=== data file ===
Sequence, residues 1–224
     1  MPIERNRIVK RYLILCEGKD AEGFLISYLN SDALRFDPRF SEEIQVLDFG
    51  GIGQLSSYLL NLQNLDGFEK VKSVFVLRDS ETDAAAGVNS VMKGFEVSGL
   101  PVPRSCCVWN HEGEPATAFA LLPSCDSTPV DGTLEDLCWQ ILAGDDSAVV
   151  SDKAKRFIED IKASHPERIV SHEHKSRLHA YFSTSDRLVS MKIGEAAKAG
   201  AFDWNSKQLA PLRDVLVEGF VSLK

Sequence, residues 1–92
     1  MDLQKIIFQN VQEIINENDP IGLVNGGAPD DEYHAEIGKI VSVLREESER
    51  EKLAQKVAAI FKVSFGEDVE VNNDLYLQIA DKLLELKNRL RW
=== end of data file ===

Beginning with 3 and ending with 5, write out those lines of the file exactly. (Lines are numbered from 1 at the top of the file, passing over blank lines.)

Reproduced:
    51  GIGQLSSYLL NLQNLDGFEK VKSVFVLRDS ETDAAAGVNS VMKGFEVSGL
   101  PVPRSCCVWN HEGEPATAFA LLPSCDSTPV DGTLEDLCWQ ILAGDDSAVV
   151  SDKAKRFIED IKASHPERIV SHEHKSRLHA YFSTSDRLVS MKIGEAAKAG